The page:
Comparison of low- and high-level visual features for audio-visual continuous automatic speech recognition

Petar S. Aleksic*, Aggelos K Katsaggelos

*Corresponding author for this work

Research output: Contribution to journalConference article

16 Scopus citations

Abstract

In this paper, we compare two different groups of visual features that can be used in addition to audio to improve automatic speech recognition (ASR), high- and low-level visual features. Facial Animation Parameters (FAPs), supported by the MPEG-4 standard for the visual representation of speech are used as high-level visual features in this work. Principal component analysis (PCA) based projection weights of the intensity images of the mouth area were used as low-level visual features. PCA was also applied on the FAPs. We developed an audio-visual ASR (AV-ASR) system and compared its performance for two different visual feature groups, following two approaches, The first approach assumes the same dimensionality for both high- and low-level visual features, while in the second approach the percentage of statistical variance described by the visual features used was the same. Multi-stream Hidden Markov Models (HMMs) and a late integration approach were used to integrate audio and visual information and perform continuous AV-ASR experiments. Experiments were performed at various SNRs (0-30dB) with additive white Gaussian noise on a relatively large vocabulary (approximately 1000 words) database. Conclusions were drawn on the trade off between the dimensionality of the visual features and the amount of speechreading information contained in them and its influence on the AV-ASR performance.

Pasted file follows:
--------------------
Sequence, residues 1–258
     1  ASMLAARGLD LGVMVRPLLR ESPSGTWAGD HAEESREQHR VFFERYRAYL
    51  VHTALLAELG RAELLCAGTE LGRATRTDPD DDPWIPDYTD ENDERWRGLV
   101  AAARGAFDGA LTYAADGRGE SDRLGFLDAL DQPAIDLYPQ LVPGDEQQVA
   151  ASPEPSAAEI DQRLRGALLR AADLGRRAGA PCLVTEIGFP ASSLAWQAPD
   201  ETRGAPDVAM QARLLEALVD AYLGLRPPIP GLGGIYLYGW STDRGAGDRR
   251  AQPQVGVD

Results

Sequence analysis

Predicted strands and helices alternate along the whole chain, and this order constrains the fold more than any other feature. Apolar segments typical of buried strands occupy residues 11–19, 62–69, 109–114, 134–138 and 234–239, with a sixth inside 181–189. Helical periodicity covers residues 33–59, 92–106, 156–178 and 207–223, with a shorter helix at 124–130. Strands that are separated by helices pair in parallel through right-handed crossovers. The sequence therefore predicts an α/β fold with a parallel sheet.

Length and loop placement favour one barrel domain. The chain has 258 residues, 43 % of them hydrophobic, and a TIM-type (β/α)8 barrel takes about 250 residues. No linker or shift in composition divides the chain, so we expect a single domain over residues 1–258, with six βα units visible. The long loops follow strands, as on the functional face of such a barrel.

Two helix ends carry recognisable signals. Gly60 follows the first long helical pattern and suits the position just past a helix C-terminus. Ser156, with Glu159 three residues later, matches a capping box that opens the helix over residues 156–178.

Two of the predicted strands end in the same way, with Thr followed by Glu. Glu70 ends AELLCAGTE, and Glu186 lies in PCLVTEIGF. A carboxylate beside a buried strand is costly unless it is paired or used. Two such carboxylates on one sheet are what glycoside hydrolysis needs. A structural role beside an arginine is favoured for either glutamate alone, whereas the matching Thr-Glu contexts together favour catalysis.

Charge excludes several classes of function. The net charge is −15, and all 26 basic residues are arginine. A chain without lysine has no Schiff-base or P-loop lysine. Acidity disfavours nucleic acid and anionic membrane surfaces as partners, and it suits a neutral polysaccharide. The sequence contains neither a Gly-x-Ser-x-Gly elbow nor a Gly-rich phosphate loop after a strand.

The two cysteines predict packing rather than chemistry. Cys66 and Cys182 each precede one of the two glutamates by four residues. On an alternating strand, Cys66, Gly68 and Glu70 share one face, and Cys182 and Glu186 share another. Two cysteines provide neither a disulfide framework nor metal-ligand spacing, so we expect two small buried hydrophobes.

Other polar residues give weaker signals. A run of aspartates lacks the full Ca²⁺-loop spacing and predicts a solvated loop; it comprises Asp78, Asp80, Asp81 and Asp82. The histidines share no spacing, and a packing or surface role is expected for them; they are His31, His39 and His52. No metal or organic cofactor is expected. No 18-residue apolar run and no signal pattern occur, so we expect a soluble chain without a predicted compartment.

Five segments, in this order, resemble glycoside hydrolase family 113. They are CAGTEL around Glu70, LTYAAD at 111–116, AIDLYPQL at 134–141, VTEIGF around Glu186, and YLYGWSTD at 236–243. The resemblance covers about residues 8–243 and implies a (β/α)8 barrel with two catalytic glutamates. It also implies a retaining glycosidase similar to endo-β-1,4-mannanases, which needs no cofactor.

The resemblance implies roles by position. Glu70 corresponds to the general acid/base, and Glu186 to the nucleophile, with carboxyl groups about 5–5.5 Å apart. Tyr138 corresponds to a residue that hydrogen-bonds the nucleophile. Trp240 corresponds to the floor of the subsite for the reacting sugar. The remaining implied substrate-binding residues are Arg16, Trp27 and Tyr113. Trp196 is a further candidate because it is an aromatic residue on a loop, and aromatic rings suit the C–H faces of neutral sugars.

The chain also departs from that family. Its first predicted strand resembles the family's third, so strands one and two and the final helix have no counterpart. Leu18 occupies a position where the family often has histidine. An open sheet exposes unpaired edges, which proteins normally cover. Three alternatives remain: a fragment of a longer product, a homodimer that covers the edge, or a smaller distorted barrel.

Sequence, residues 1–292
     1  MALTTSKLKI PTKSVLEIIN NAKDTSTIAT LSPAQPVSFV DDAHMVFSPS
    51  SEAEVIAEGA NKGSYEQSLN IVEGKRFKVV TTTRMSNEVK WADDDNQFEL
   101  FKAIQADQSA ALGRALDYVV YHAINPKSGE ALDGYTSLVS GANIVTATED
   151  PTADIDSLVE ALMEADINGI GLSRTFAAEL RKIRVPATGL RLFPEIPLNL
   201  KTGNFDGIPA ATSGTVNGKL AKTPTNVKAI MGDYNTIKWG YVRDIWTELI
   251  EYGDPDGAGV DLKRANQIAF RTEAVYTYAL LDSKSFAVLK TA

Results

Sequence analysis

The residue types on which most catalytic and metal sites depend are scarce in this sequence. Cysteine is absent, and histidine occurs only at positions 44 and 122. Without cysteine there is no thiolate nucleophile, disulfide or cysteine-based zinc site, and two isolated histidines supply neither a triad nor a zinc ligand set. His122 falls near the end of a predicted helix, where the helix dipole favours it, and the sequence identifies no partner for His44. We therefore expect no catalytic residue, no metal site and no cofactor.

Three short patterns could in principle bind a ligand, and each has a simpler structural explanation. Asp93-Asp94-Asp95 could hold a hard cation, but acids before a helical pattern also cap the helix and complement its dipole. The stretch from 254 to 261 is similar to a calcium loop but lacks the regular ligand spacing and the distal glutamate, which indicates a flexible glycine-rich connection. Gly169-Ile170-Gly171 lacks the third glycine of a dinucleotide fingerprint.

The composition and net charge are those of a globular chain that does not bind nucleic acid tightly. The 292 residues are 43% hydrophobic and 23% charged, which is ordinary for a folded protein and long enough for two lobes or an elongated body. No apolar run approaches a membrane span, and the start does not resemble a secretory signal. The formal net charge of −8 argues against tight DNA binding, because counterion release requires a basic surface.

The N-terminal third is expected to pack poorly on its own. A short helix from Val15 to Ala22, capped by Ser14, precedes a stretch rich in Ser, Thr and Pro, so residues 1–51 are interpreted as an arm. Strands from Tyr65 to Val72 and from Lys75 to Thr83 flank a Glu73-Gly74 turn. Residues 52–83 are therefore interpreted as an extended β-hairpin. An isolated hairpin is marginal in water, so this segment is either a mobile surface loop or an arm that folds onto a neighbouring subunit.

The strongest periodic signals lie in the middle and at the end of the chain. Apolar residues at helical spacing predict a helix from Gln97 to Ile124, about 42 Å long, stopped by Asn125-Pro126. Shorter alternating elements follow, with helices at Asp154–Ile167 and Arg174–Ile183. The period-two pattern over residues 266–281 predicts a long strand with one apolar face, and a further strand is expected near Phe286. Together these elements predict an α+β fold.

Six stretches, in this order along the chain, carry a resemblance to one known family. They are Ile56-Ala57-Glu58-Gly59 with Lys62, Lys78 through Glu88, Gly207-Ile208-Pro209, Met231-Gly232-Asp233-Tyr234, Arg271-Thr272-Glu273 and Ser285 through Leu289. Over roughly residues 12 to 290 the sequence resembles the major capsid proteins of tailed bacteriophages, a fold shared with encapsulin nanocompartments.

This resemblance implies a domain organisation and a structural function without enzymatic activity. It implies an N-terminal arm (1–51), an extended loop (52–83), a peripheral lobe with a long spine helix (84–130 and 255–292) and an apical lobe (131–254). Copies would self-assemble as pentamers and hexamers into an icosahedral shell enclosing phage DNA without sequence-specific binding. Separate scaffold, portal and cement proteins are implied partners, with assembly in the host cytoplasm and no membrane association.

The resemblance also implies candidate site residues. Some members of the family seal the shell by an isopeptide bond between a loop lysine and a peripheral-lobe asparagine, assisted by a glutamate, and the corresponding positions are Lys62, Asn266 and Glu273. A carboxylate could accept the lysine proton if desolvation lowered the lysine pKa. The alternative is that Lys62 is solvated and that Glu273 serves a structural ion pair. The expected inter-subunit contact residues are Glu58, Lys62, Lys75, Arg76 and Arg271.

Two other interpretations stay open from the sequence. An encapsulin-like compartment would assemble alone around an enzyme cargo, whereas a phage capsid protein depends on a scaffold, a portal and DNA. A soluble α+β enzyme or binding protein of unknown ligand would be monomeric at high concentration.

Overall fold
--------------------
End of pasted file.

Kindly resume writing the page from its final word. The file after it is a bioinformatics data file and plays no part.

Original languageEnglish (US)
JournalICASSP, IEEE International Conference on Acoustics, Speech and Signal Processing - Proceedings
Volume5
StatePublished - Sep 27 2004
EventProceedings - IEEE International Conference on Acoustics, Speech, and Signal Processing - Montreal, Que, Canada
Duration: May 17 2004May 21 2004

ASJC Scopus subject areas

  • Software
  • Signal Processing
  • Electrical and Electronic Engineering

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